Researchers have known for a while that a star called Gliese 710 is headed straight for our solar system, but they've now worked out precisely when it should arrive.
The star is currently hurtling through space at about 32,000 mph, and is around 64 lightyears away. (One lightyear is around 5,878,000,000,000 miles.)
Gliese 710 is about half the size of our sun, and it is set to reach Earth in 1.35 million years, according to a paper published in the journal Astronomy & Astrophysics in November.
And when it arrives, the star could end up a mere 77 light-days away from Earth — one light-day being the equivalent of how far light travels in one day, which is about 26 billion kilometers, the researchers worked out.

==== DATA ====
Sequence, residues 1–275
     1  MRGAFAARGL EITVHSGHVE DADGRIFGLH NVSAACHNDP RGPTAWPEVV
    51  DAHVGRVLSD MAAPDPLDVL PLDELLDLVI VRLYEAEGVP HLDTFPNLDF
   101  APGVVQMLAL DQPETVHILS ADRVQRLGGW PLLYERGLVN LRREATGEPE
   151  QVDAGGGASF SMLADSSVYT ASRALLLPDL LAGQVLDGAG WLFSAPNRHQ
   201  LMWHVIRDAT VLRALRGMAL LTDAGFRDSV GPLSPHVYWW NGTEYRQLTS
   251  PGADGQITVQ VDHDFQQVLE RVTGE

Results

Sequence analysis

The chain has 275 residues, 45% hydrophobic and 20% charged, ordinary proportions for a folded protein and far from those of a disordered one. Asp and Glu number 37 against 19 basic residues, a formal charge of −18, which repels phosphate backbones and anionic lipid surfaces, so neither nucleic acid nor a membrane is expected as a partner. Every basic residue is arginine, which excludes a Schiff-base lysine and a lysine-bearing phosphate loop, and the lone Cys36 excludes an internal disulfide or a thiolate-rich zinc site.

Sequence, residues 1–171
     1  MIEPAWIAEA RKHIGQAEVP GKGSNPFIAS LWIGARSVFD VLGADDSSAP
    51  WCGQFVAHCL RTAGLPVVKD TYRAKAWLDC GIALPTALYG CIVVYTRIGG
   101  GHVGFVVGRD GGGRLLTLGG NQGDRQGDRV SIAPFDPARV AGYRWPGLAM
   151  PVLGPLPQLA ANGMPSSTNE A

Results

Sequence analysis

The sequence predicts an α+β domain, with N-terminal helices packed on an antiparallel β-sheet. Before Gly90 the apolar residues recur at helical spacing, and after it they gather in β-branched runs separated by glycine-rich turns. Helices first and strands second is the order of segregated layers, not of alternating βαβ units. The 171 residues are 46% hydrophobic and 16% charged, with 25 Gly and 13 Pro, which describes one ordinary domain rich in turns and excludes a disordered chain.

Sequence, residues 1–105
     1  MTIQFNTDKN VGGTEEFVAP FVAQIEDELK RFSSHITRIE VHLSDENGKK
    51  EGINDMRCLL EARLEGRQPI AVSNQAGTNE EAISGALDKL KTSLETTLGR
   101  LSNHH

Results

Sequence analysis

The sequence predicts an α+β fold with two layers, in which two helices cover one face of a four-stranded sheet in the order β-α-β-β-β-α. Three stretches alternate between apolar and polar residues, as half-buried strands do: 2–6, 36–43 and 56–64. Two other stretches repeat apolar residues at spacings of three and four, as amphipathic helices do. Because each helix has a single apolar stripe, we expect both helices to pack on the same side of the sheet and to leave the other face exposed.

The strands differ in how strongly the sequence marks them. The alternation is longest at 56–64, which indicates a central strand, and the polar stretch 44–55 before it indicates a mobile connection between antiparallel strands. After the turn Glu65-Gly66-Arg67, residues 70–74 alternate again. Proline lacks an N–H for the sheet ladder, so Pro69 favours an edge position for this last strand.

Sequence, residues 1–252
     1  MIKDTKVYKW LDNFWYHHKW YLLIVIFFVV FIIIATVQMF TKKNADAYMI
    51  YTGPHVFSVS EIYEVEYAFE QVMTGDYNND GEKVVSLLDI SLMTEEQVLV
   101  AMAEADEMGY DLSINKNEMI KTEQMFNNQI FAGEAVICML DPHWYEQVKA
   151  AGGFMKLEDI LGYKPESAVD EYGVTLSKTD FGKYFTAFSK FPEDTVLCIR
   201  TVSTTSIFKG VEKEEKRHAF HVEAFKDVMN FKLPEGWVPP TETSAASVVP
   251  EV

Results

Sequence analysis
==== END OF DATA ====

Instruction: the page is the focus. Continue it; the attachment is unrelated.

As far as we know, Gliese 710 isn't set to collide directly with Earth, but it will be passing through the Oort Cloud, a shell of trillions of icy objects at the furthest reaches of our solar system.
So although 77 light-days sounds like a relatively safe distance, the speeding star could burst through the cloud and shoot these icy objects and comets all around our solar system. Any one of these is pretty likely to collide with Earth.
Read more at The Independent.